I say “in theory” in the above paragraph because the situation is that this process is so new – at least here in Minnesota – that nobody knows quite for sure exactly how it should be done. That is still being worked out. For one thing, the case (Fisette) which says we can do it is being appealed. I don’t expect it to be overturned, but that could happen. For another thing, nobody knows for sure how to clear the title of the second mortgage. The mortgage can be gone as a matter of bankruptcy law, but still be a problem as a matter of real estate law. Real estate law is as if it’s on a different planet than bankruptcy law – maybe in a different solar system. There’s a need for adjustments between the two legal systems before lien stripping can be expected to go smoothly. While those adjustments might be in process, they are certainly not completed at this time.

The whole thing is a bit too up in the air for me, and so far I have been reluctant to try doing any of this. I have been explaining it as a possible option, and I have been referring people who are interested to some of the lawyers who have been doing them – such as Mr. Theisen and Mr. Andresen. People like them should be given credit for having the gumption to push for this, particularly Craig Andresen who is the one who has the case on appeal.

This is a developing area and I’m sure to have more to say about it later.

At the Bankruptcy Institute Today

You might find it hard to get a hold of me today. I’ll be in classes all day at the Bankruptcy Institute. This is an annual event sponsored by the Minnesota State Bar Association’s Minnesota Continuing Legal Education. I was here all day yesterday too.

The highlights yesterday for me were the case law update and the session on “Advanced Chapter 13 Plan Drafting.” Another good session was the one on business owner bankruptcies. Today so far the best thing has been a joke one of the presenting judges just told: something about how what a judge needs is grey hair so he looks serious and hemorrhoids so he looks concerned.

More later.

Harleys and Bankruptcies Don’t Mix

At least that would be the general rule. All rules of course have exceptions.

I just spoke by phone with a person who needs a bankruptcy. The trouble is that he or she is the owner of a Harley-Davidson motorcycle. It’s not paid for. There’s still a loan on the bike with a monthly payment. The usual story in that situation is that if you want to file a bankruptcy – any kind of bankruptcy – the bike has to go. Sell it or surrender it, but it has to go before we can file.

Most of the time when I explain this to the owner of a Harley, it’s the last I hear from that person.

I just spent a very quiet and peaceful weekend at a campground in southern Minnesota. I found that there happened to be a group of over 100 bikers there, mostly if not all riding Harley-Davidsons. I barely noticed them. They partied and carried on, but in a quiet and respectful way. In fact they were some of the most well behaved people I’ve ever seen. I learned later that they were a group of retired police officers, some from Minnesota and some from Chicago. Most of them were dressed in typical biker attire, including jackets and hats bearing one or more variation of the Harley-Davidson logo. Those bikes were obviously an important part of their social life.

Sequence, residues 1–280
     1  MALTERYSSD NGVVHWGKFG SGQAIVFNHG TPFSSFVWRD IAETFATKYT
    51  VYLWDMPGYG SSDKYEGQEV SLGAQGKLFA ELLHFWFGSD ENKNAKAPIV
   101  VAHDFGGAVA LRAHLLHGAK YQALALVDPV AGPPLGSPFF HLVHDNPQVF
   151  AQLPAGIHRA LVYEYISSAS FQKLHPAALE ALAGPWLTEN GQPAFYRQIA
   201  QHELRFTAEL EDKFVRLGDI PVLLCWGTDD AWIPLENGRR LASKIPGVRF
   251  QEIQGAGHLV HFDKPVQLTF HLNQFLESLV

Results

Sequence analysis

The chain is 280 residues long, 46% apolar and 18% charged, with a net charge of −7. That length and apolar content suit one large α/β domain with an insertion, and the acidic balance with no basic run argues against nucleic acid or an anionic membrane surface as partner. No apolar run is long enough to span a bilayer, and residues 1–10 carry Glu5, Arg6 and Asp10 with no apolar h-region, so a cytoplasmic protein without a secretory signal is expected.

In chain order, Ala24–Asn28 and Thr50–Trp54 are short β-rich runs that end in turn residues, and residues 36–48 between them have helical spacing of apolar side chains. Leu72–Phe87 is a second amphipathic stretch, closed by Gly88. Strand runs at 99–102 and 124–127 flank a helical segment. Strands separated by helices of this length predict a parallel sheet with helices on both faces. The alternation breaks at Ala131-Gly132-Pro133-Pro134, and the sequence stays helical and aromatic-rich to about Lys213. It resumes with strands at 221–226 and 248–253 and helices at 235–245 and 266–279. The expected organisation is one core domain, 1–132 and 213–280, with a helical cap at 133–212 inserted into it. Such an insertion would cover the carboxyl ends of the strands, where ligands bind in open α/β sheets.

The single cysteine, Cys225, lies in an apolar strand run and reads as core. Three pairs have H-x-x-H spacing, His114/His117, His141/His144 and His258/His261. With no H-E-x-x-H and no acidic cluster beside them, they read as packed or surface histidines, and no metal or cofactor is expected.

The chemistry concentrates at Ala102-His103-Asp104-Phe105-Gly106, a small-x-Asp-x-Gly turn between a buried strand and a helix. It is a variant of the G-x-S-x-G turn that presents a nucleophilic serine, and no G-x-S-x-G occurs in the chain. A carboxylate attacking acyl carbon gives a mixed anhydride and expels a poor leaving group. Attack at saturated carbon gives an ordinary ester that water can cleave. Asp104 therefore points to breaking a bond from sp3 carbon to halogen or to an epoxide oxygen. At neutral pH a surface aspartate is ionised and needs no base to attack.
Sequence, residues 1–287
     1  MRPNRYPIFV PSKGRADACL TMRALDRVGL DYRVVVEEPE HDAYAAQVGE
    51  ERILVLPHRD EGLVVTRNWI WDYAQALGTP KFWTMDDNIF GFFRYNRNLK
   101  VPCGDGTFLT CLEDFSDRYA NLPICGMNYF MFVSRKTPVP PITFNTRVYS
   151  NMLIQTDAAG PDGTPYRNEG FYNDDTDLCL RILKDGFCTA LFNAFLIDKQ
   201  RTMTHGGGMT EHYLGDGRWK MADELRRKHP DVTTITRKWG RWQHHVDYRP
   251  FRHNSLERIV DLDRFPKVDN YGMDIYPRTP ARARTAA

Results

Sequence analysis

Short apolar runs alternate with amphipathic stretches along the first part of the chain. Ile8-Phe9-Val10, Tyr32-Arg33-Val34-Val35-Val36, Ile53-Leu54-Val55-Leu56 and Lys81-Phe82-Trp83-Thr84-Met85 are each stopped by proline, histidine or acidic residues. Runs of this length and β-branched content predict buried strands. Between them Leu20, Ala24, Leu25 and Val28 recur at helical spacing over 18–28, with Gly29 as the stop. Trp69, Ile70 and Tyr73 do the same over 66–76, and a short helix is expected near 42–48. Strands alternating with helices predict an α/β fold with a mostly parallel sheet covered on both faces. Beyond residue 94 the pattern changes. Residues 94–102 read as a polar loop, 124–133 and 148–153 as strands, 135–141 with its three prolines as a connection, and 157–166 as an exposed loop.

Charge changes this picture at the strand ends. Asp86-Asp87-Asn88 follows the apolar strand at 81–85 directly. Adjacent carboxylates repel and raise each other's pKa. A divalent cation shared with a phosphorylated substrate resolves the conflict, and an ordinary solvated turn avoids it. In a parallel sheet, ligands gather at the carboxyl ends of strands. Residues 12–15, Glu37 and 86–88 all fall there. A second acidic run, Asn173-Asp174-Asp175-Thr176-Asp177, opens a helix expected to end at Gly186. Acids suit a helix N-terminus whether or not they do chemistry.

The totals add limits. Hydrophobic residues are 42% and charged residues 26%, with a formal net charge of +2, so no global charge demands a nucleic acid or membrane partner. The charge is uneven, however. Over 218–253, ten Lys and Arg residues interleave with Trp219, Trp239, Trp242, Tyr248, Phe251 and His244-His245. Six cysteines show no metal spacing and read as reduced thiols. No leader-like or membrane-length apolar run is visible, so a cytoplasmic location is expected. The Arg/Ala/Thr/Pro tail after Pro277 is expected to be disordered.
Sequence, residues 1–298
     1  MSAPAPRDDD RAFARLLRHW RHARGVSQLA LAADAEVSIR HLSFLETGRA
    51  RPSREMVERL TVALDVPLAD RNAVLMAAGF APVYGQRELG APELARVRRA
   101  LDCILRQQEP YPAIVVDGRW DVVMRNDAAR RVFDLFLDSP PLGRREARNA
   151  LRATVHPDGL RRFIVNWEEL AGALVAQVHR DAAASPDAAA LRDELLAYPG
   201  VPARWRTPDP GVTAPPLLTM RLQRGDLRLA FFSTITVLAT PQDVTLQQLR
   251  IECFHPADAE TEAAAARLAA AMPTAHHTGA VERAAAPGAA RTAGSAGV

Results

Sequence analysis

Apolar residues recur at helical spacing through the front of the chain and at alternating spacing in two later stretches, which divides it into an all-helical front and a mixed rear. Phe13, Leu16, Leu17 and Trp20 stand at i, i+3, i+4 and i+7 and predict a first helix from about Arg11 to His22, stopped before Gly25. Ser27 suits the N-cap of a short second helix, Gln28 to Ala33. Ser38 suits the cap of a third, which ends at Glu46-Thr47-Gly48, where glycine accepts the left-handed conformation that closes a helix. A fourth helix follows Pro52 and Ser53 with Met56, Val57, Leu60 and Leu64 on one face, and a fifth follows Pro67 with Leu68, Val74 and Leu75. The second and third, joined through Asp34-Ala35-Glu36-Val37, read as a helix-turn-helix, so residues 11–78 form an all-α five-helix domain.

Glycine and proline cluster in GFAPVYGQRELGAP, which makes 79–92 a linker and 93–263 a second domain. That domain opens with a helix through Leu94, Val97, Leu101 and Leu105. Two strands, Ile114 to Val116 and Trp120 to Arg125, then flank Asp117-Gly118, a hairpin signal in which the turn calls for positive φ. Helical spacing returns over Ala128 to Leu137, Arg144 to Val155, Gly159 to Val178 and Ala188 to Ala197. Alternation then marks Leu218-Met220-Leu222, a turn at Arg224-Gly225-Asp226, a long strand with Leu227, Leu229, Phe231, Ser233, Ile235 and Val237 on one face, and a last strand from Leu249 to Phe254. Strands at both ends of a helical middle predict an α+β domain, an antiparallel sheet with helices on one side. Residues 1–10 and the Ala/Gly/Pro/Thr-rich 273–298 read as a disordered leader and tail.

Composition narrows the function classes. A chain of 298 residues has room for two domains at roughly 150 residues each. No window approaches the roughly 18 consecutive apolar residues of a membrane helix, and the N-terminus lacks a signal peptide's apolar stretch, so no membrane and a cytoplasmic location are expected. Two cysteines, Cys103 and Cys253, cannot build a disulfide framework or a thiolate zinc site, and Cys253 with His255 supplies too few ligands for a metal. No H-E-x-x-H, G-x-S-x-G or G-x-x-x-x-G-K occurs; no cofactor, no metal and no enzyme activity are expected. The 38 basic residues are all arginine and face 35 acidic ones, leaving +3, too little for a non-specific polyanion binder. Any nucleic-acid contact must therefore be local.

Powerful attachment to a Harley-Davidson motorcycle is a phenomenon I’ve seen repeatedly. Often as with the retired cops it can be a really good thing. But I can’t change the way the bankruptcy trustees view these things. In a bankruptcy case, unless it’s paid for and so old that it’s not worth much, a Harley tends to be an asset that they want to seize or a frivolous expense that they won’t allow or both. It’s just not a good thing for anybody contemplating bankruptcy.

Two pro se cases not heard last Thursday

I was at the Federal Courthouse in Minneapolis last Thursday for a meeting of creditors. The room was full and I was planning for a long wait with my client.

To my surprise the trustee – who is the person who runs such proceedings – stood up and asked two apparently married couples to leave. These individuals were there without a lawyer and were obviously pro se – or in other words representing themselves. From the words that were exchanged it sounded as if they had gone to some sort of a non-lawyer document preparation service.

Apparently whoever they had gone to had neglected to tell them that they were supposed to provide a copy of their most recent tax return to the trustee well in advance of the date of the meeting of creditors.

I expect that those parties will be allowed to provide their tax returns to the trustee and reschedule their meeting of creditors – which those who know me know I often call the “hearing,” because that word is a good one to describe what happens. I can’t help but wonder what else might be wrong with those bankruptcy filings.

I’ve been concerned for some time that some of these document preparation outfits are dangerous. If you search this blog I believe you’ll find something from a while back where I was carrying on about such a service located in India which had contacted me and wanted to essentially use my name.